The branch of medicine specializing in the function, anatomy, and diseases of the eyes is Ophthalmology, as defined by the American Academy of Ophthalmology. Due to the delicate nature of the eye’s anatomy, treatment and surgeries carry a high risk for complications including hemorrhaging, macular edema, ptosis, ocular hypertension, reduced vision or blindness, double vision, infection, intraocular lens dislocation, retinal detachments, and myopia. Sometimes, these complications are unavoidable risks that accompany optical surgery. In other cases, they may be a result of physician error or medical malpractice of an ophthalmologist. If this is the case, it is beneficial to have the legal counsel of an Orlando medical malpractice attorney such as Jeff Badgley from Badgley Law Group.
Some of the sub-specialties of ophthalmology include:
The loss of vision or limited vision through traumatic injuries, disease, or surgical mishaps profoundly impacts a patient’s lifestyle. Visual changes and blindness can impair the psychological and psychosocial well-being of a person. Visual impairment correlates with a reduced quality of life, including losing independence and lessened earning potential. When this transpires due to the negligence of an ophthalmologist, catastrophic vision loss can constitute medical malpractice. The Bascom Palmer Eye Institute in Miami, Florida, is ranked the #1 eye hospital in the United States for the 19th time in 2020. They are a world leader for ophthalmologic education. Even in prestigious medical facilities, medical malpractice can happen. The most prevalent and costly claims are those for complications from Lasik eye surgery, cataract surgery, glaucoma therapy, and corneal treatment.
Common Examples of Ophthalmological Errors:
Elements of a Medical Malpractice Lawsuit in Florida
In a medical malpractice lawsuit, a plaintiff must prove the elements by a preponderance of the evidence. In a court of law, it must be established that there was a doctor-patient relationship, and the ophthalmologist owed the patient a professional duty of care. The professional duty of care is what a prudent, competent physician in the same field would provide under the same circumstances. The plaintiff must provide evidence that the ophthalmologist failed to meet the professional duty of care. There must be supporting evidence that a link exists between the damages incurred and the medical care provided. It must be proven that this harm, through the ophthalmologist’s actions, resulted in economic damages.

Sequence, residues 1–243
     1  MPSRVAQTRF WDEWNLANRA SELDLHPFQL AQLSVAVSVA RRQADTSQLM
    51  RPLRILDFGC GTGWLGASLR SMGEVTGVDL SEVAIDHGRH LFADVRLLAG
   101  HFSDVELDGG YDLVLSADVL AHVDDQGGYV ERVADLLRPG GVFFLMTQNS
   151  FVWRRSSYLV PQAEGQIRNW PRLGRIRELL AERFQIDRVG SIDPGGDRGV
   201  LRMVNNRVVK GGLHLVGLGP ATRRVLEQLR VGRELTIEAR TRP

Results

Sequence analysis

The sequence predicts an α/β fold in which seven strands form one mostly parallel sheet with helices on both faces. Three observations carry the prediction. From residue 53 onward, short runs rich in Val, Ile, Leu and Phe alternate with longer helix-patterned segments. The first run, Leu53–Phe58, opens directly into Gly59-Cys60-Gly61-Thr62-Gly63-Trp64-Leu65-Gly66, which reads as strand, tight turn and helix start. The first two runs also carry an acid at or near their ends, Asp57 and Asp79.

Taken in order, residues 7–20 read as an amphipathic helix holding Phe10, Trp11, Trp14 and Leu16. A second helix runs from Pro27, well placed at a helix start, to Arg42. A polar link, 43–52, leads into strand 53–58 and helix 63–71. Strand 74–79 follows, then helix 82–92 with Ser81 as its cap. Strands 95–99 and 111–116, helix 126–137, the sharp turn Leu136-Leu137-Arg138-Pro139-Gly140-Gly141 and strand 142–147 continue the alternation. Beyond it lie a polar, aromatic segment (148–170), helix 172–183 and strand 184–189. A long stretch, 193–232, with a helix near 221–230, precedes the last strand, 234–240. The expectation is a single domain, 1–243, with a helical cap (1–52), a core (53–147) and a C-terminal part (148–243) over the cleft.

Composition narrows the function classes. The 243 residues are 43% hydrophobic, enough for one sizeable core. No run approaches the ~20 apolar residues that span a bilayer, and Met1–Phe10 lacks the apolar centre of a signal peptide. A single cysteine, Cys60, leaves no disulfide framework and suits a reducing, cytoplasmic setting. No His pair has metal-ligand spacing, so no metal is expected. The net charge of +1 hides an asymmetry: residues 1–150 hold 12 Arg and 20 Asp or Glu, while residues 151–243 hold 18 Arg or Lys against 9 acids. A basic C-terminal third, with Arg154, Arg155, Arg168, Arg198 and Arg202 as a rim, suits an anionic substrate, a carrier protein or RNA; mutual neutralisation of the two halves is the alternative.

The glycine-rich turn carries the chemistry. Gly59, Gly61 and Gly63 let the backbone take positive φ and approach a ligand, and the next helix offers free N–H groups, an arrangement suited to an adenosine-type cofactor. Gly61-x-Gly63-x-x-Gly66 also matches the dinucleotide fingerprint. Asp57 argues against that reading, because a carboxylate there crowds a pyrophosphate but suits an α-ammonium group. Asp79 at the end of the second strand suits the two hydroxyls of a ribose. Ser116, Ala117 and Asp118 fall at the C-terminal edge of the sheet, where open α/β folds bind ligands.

There are economic and non-economic compensatory damages in a medical malpractice claim. Examples of economic damages are current and future lost income, medical bills, medical equipment, rehabilitation costs, and home modification expenses. Non-economic compensation encompasses pain and suffering due to the emotional anguish of the loss or changes in vision.
Attorney Jeffrey Badgley is Board Certified as a Civil Trial Lawyer, which is the Florida Bar’s highest recognition.
In the State of Florida, there is a two-year statute of limitations for a medical malpractice claim based on the negligence of a healthcare professional. If you or a loved one has suffered irreversible harm due to a medical practitioner’s negligence, contact the Badgley Law Firm. Our attorneys can help you win compensation for economic and non-economic damages. The ophthalmologist, the hospital, and the surgical center where your procedure was performed may have liability for your losses. There may be product liability from the manufacturer of a medicine, or a medical implant used in the procedure.
Our team of medical malpractice attorneys is committed to fighting for your rights. We thoroughly investigate and evaluate the facts of your claim and utilize whatever resources are necessary. The Badgley Law Group has the knowledge, skill, and experience to tackle even the most complex cases.
Contact Badgley Law Group for a Free Consultation at our Orlando office. Call us to discuss your options, and we will help you to make the right choices. 407-781-0420.